An after-school technology club at Yesler Community Center is struggling to survive the massive redevelopment project currently overhauling the neighborhood.
The Big-Brained Superheroes Club in Yesler Terrace became more than just a place for students to do homework, and evolved into a neighborhood STEM club where kids use “real-life superpowers” to solve science and technology problems and build “a kinder, nerdier, more imaginative world.”
But despite efforts by the Seattle Housing Authority (SHA) to keep existing low-income residents in the historic housing project, families are saying goodbye to the neighborhood — and that’s meant club members being forced to leave as well.
As the club’s Year-In-Review report noted, “2015 has been another Year of Adaptability for our young Big-Brained Superheroes in Yesler Terrace as their neighborhood gets demolished and friends and classmates slowly move away.“
Will the Housing Authority’s experiment in creating a mixed-income housing project really work for low-income families?
Will the Big-Brained Superheroes Club survive?
Using superpowers to solve problems
When Meredith Wenger was a volunteer at Yesler Community Center’s homework drop-in center back in 2011, she noticed pupils were just hanging around a lot, but not actually doing much homework. So she proposed a change.
Wenger, now the executive directive of the nonprofit club, says she’s just a “sidekick” to the Big-Brained Superheroes in the club (“Big Brains” for short). The club operates three days a week, with an average attendance of over 20 kids per day. There are as many as 120 pupils doing STE(A)M projects in the club each year.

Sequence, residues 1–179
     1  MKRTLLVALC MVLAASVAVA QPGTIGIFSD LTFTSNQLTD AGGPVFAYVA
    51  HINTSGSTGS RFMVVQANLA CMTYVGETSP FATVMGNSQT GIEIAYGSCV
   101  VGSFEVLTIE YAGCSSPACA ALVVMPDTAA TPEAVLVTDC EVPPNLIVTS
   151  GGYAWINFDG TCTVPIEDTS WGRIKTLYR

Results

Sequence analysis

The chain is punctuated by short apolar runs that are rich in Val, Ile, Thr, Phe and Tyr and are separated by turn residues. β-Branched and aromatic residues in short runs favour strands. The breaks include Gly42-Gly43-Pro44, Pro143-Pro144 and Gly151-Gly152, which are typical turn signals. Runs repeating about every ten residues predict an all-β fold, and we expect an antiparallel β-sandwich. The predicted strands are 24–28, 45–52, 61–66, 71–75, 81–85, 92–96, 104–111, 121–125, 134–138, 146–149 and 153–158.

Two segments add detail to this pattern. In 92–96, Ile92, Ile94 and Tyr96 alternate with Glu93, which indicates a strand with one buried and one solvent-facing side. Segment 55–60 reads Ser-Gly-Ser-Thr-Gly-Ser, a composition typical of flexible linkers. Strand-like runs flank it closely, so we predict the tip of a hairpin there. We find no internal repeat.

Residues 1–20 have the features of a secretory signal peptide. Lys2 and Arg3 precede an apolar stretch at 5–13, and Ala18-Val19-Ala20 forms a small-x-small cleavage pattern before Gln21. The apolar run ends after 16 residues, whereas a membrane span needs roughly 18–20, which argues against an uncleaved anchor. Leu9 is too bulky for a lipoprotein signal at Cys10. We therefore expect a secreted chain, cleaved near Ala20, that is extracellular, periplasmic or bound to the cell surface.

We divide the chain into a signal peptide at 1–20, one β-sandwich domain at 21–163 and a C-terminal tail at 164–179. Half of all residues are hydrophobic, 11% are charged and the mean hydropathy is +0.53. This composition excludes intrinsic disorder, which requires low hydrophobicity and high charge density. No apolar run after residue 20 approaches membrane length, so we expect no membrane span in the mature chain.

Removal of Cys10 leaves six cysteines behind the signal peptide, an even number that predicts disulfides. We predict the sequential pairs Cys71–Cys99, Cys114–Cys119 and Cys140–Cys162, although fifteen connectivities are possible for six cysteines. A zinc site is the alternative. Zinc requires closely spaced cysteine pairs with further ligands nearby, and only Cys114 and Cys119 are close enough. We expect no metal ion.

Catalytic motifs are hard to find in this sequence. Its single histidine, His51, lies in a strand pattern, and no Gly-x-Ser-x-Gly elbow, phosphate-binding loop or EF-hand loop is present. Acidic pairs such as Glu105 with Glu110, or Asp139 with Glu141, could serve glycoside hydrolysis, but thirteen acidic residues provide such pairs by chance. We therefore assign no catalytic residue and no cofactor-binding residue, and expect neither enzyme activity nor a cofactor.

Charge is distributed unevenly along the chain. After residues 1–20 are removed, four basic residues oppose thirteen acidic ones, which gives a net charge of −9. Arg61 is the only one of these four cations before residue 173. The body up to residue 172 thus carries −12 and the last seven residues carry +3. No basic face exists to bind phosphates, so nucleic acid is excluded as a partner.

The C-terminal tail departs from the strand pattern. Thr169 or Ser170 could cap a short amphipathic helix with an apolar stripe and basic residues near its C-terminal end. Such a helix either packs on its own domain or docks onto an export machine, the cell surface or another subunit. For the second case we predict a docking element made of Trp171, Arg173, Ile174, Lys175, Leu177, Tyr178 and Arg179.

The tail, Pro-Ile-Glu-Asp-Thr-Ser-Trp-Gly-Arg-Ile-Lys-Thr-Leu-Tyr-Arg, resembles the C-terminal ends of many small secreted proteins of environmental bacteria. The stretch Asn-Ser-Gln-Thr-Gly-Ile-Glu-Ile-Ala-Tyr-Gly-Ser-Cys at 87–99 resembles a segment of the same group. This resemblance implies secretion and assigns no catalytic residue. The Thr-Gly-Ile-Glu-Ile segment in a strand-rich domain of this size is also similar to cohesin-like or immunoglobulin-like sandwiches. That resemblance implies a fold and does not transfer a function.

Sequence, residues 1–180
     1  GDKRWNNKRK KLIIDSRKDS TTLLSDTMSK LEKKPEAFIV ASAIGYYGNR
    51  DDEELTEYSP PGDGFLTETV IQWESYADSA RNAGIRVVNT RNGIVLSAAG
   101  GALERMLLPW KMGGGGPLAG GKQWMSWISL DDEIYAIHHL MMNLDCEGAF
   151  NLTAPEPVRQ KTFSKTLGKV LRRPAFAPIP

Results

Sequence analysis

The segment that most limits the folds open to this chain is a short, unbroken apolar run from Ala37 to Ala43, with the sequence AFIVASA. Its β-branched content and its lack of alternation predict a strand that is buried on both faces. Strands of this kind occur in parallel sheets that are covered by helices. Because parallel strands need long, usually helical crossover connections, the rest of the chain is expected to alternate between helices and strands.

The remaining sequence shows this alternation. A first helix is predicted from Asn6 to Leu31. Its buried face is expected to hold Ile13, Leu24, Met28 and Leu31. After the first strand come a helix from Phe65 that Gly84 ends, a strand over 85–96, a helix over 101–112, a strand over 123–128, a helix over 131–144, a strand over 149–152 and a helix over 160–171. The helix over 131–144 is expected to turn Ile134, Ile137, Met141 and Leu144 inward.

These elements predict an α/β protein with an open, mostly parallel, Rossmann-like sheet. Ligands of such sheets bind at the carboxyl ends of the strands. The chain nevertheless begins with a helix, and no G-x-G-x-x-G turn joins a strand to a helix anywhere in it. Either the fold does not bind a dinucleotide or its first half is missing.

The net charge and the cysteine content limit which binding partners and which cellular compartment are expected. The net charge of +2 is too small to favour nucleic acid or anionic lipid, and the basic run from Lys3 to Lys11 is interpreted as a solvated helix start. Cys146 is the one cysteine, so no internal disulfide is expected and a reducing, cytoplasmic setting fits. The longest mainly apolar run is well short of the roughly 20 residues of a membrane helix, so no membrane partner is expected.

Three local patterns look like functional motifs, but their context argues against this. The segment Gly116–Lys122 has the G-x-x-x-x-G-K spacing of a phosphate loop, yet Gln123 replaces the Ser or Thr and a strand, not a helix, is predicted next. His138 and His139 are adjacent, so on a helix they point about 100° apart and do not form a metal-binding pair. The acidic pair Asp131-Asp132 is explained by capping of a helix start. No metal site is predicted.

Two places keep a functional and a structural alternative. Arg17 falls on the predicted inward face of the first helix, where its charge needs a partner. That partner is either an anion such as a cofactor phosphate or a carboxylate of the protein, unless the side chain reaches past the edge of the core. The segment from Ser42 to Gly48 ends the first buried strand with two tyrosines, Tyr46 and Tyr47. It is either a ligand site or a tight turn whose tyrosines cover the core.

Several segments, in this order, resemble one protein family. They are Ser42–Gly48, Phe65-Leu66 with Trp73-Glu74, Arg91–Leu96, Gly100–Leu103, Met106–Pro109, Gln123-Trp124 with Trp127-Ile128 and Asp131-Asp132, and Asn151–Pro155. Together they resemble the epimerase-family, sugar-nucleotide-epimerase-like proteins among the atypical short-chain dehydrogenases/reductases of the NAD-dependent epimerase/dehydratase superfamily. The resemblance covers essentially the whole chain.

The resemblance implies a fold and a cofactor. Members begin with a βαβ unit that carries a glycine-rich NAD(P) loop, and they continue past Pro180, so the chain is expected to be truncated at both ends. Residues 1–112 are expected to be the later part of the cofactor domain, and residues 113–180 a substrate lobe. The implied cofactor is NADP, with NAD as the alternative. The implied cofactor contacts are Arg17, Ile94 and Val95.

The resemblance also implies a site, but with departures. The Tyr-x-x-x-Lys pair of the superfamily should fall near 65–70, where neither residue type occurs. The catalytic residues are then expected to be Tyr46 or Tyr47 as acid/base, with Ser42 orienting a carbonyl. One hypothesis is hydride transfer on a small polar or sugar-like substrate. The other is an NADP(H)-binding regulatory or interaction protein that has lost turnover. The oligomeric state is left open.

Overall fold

Big Brains are encouraged to be not just scientific but also creative, thus the “A”, which stands for “arts” in STE(A)M. Their motto: “Tendimus. Discimus. Facimus.” is Latin for “We strive. We learn. We make.”
When I first volunteered as a sidekick/mentor back in March, I was instructed not to just give Big Brains solutions to problems, but instead prompt them to think about what superpower they can use when they are stuck.
Although the club doesn’t actively track how Big Brains are doing in school, Wenger has received feedback from both parents and students about improved performance. It’s as if good grades are side effects of the high engagement, attendance, cooperation and performance that happen in the club.
The Big Brains Club’s success seems to come from fostering what are known in the education business as “transformational academic mindsets,” which research shows are critical components of learning. In other words, students develop a sense of belonging, feel confident, and are willing to put in an effort and pursue deeper learning.
Since it started in 2012, Wenger and company have managed to do a lot. Students have presented their work in numerous STEM events, science fairs, and conventions including GeekGirlCon, Museum of Flight and Pacific Science Center and even in front of the Seattle City Council.
They organize their own events, too, like the National Week of Making portion of the Yesler Service Providers Collaborative’s Junenteenth Celebration. There they presented the visualization of the history of the Civil War through electric circuit, (they also made a pretty convincing the case that lightbulb was really invented by black man named Lewis Latimer, not Thomas Edison like we all thought).
The club isn’t without challenges. According to Wenger, there is shortage of sidekick volunteers. And they can only qualify for a few project-based grants because many science grant opportunities are too bureaucratic for such a small organization. Then there’s the ever-present threat being required to pay rent for the space in Yesler Community Center, which could be prohibitive for the resource-strapped Yesler Terrace families.